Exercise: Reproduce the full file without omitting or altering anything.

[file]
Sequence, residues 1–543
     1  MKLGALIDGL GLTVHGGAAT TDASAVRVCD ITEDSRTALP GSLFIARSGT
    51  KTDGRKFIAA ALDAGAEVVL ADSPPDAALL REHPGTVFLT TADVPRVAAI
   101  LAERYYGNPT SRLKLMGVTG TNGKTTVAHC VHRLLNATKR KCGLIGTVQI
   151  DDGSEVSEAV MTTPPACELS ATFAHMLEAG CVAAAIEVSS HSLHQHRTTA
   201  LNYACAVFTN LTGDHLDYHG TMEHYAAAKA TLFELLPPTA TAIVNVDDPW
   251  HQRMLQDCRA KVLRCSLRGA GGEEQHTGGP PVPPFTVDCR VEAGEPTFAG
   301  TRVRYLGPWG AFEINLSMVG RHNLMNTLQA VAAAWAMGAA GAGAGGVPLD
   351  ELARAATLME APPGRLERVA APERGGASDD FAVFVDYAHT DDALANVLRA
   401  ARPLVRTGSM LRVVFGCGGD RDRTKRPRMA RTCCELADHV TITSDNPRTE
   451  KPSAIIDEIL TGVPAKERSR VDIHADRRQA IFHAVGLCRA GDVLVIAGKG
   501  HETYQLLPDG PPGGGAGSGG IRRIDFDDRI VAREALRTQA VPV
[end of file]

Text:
Sequence, residues 1–543
     1  MKLGALIDGL GLTVHGGAAT TDASAVRVCD ITEDSRTALP GSLFIARSGT
    51  KTDGRKFIAA ALDAGAEVVL ADSPPDAALL REHPGTVFLT TADVPRVAAI
   101  LAERYYGNPT SRLKLMGVTG TNGKTTVAHC VHRLLNATKR KCGLIGTVQI
   151  DDGSEVSEAV MTTPPACELS ATFAHMLEAG CVAAAIEVSS HSLHQHRTTA
   201  LNYACAVFTN LTGDHLDYHG TMEHYAAAKA TLFELLPPTA TAIVNVDDPW
   251  HQRMLQDCRA KVLRCSLRGA GGEEQHTGGP PVPPFTVDCR VEAGEPTFAG
   301  TRVRYLGPWG AFEINLSMVG RHNLMNTLQA VAAAWAMGAA GAGAGGVPLD
   351  ELARAATLME APPGRLERVA APERGGASDD FAVFVDYAHT DDALANVLRA
   401  ARPLVRTGSM LRVVFGCGGD RDRTKRPRMA RTCCELADHV TITSDNPRTE
   451  KPSAIIDEIL TGVPAKERSR VDIHADRRQA IFHAVGLCRA GDVLVIAGKG
   501  HETYQLLPDG PPGGGAGSGG IRRIDFDDRI VAREALRTQA VPV